Monday 16 December 2019

Charlize Theron says paparazzi intrusion is 'like being raped'

Charlize Theron and Sean Penn leaving Claridges Hotel in London
Charlize Theron and Sean Penn leaving Claridges Hotel in London

Freya Drohan

Actress Charlize Theron has compared media intrusion in her life to being raped.

The Oscar winner, who has a two-year-old son Jackson, said she feels her privacy is being constantly invaded and no longer has 'sacred' elements of her life due to paparazzi attention.

Theron revealed she avoids reality television at all costs and would never voluntarily have a camera crwe follow her around.

"When you start living in that world, and doing that, you start feeling raped," she told Sky News in London.

When the interviewer asked if she understood the severity of her statement, she replied, "Well, when it comes to your son and your private life. Maybe it's just me.

LONDON, UNITED KINGDOM - MAY 28: Charlize Theron leaving Claridges Hotel on May 28, 2014 in London, England. (Photo by Mark Robert Milan/GC Images)

"Some people might relish in all that stuff but there are certain things in my life that I think of as very sacred and I am very protective over them.”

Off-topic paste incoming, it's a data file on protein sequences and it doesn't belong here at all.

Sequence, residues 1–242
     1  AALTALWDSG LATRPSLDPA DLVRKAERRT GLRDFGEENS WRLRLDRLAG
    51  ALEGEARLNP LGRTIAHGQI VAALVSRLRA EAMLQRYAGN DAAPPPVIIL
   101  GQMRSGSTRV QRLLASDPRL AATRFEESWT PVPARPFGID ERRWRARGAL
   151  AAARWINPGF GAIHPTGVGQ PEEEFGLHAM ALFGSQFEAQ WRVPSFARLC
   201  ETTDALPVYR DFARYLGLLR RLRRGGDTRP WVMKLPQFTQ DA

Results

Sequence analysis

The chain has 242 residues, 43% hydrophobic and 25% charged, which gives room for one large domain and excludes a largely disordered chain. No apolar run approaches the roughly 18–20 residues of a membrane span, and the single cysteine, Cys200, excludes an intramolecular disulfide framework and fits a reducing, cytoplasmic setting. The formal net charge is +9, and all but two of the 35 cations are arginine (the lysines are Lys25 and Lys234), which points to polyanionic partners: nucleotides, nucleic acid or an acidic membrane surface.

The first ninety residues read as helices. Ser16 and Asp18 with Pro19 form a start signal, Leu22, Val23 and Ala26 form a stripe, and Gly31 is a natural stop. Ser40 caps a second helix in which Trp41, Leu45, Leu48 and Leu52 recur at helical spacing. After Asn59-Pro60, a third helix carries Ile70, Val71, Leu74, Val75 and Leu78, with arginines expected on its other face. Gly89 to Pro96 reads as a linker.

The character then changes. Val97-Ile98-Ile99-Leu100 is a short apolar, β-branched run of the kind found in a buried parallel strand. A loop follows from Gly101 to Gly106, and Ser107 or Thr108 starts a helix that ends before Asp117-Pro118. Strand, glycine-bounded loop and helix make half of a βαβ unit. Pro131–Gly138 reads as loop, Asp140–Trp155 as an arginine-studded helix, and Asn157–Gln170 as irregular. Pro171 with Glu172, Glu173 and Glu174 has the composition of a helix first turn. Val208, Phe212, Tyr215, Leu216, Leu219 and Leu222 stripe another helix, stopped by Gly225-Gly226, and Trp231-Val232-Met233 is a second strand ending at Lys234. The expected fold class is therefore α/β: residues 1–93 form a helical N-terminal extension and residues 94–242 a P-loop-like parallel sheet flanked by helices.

The actress was in the British capital with Penn and her son to promote her new movie A Million Ways To Die In The West.

She went on to say: "There is a part of my job that is incredibly lovely - to fly first class to London, to be able to do that with my son and my family and I am definitely not jaded by any of that.”

"My job has made my life incredibly blessed and good and I am very grateful for that, but it does not mean that every aspect of my life all of a sudden becomes fodder for an article.”

Charlize Theron

"I try to protect against that as much as I can."

"But when it's constant every single day, every time you leave the house, every time anybody mentions you in public, any time your child gets in a car. That does feel very violating."

This statement is extremely bizarre from Charlize, who appeared in a controversial anti-rape advertisement in 1999.

The ad, which was eventually banned, stated the harrowing statistics in South Africa - that one in three women would be raped in their lifetime, and that a woman was sexually assaulted every 26 seconds.


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